Evaluation of the Border System Contd. • The depth of irrigation obtained is compared with the SMD (ideal irrigation depth). • There is deep percolation and runoff at the end of the field. • The variables can then be changed to give different shapes of graphs to see the one to reduce runoff and deep percolation. In this particular case above, the inflow can be stopped sooner. The recession curve then changes. • The profile now obtained creates deficiency at the ends of the borders (see graph: dotted lies above). • A good profile of irrigation can be obtained by varying the flow, which leads to a change in the recession curve, and by choosing a reasonable contact time each time using the infiltration curve.
3.2.3 Basin Irrigation System • 126.96.36.199 Description: In basin irrigation, water is flooded in wider areas. It is ideal for irrigating rice. • The area is normally flat. • In basin irrigation, a very high stream size is introduced into the basin so that rapid movement of water is obtained. • Water does not infiltrate a lot initially. • At the end, a bond is put and water can pond the field. • The opportunity time difference between the upward and the downward ends are reduced.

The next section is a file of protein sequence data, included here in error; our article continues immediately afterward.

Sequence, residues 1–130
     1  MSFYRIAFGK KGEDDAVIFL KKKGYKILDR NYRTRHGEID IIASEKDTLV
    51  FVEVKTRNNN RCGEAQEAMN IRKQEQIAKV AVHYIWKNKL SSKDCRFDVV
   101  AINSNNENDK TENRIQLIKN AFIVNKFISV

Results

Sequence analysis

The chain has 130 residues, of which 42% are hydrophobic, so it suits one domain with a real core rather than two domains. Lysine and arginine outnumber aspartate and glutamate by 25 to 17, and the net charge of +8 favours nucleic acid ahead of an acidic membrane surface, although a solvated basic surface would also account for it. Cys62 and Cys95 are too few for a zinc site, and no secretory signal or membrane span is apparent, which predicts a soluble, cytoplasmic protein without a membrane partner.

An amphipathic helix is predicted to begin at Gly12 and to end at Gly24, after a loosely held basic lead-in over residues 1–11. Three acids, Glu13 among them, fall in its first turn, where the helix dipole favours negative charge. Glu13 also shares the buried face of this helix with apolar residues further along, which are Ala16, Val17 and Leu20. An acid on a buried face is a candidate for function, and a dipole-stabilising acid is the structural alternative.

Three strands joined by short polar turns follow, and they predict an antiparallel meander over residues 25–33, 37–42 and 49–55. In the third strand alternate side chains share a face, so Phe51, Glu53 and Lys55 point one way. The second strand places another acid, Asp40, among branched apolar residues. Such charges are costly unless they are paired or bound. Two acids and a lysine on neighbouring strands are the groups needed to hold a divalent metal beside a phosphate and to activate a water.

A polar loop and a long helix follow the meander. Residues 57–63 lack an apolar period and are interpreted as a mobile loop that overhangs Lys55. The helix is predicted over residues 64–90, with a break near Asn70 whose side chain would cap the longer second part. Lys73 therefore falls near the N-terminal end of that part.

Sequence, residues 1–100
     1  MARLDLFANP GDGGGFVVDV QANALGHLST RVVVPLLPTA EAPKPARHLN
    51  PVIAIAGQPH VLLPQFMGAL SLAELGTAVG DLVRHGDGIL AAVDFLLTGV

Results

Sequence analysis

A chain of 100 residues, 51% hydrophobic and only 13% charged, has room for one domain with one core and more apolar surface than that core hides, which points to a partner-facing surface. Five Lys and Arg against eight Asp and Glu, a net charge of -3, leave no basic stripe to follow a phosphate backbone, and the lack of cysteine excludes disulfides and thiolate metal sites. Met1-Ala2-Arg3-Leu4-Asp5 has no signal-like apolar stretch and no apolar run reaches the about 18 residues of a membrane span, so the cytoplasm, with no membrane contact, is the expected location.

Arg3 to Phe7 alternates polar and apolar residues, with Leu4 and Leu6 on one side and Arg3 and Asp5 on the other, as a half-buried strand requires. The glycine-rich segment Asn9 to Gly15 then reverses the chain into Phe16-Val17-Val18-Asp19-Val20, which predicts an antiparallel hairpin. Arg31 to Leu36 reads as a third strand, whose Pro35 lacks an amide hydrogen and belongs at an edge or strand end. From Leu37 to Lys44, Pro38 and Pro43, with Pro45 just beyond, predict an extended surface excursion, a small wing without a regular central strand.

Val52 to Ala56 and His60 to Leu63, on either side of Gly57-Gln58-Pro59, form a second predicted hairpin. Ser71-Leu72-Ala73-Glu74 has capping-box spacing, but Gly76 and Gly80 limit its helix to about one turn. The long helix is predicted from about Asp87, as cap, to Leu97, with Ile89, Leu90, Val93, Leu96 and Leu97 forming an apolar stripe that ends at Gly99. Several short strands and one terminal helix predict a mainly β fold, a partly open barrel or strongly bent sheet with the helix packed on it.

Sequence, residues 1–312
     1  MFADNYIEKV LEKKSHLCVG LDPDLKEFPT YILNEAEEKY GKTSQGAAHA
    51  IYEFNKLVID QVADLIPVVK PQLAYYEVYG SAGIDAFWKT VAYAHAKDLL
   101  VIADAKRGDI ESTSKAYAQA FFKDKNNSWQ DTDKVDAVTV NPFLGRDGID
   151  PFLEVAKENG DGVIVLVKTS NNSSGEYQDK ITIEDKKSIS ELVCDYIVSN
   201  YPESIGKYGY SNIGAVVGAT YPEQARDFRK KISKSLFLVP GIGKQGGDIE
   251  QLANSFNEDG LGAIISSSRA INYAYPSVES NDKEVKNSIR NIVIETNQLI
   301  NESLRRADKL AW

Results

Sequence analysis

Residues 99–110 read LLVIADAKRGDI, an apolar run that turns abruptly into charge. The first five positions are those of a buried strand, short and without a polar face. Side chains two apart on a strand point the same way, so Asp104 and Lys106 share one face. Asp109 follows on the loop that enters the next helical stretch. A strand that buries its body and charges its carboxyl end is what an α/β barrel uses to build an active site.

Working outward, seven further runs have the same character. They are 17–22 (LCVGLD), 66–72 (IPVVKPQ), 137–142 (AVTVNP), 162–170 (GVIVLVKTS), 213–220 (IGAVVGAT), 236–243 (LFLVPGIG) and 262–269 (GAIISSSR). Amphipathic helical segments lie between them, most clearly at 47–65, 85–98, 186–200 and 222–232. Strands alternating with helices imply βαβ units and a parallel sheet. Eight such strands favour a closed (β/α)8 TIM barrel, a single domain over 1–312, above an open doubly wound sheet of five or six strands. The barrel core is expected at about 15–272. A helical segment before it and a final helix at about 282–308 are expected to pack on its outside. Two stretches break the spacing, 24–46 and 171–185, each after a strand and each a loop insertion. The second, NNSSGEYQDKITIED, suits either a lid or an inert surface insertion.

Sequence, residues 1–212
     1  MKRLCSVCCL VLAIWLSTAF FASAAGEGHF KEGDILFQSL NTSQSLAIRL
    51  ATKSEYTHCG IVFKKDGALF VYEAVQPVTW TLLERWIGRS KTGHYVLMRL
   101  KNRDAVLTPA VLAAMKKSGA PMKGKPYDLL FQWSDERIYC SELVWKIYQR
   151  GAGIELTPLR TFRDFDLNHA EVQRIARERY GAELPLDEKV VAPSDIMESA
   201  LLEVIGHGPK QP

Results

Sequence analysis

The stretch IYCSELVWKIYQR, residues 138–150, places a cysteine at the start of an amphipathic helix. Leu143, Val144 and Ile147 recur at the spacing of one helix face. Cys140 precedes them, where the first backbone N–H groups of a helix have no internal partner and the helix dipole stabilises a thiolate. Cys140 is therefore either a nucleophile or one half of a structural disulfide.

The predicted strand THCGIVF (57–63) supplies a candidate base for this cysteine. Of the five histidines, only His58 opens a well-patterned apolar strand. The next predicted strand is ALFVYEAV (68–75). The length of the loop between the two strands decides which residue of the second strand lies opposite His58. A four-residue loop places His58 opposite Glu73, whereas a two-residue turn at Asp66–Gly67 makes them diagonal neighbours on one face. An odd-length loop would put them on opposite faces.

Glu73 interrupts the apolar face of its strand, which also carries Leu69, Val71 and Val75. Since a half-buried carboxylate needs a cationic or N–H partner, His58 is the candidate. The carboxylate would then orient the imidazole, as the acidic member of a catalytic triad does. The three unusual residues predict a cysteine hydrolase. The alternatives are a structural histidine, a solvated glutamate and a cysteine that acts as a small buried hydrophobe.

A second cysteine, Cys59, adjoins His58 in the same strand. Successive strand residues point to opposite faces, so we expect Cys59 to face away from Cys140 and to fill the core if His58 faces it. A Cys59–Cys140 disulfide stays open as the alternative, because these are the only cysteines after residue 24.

Basin Irrigation Diagram I rrigation time.
188.8.131.52 Size of Basins • The size of basin is related to stream size and soil type(See Table 3.6 below). • Table 3.6: Suggested basin areas for different soil types and rates of water flow • Flow rate Soil Type • Sand Sandy loam Clay loam Clay • l/s m3 /hr .................Hectares................................ • 30 108 0.02 0.06 0.12 0.20 • 60 216 0.04 0.12 0.24 0.40 • 90 324 0.06 0.18 0.36 0.60 • 120 432 0.08 0.24 0.48 0.80 • 150 540 0.10 0.30 0.60 1.00 • 180 648 0.12 0.36 0.72 1.20 • 210 756 0.14 0.42 0.84 1.40 • 240 864 0.16 0.48 0.96 1.60 • 300 1080 0.20 0.60 1.20 2.00 • ........................................................................................... • Note: The size of basin for clays is 10 times that of sand as the infiltration rate for clay is low leading to higher irrigation time. The size of basin also increases as the flow rate increases. The table is only a guide and practical values from an area should be relied upon. There is the need for field evaluation.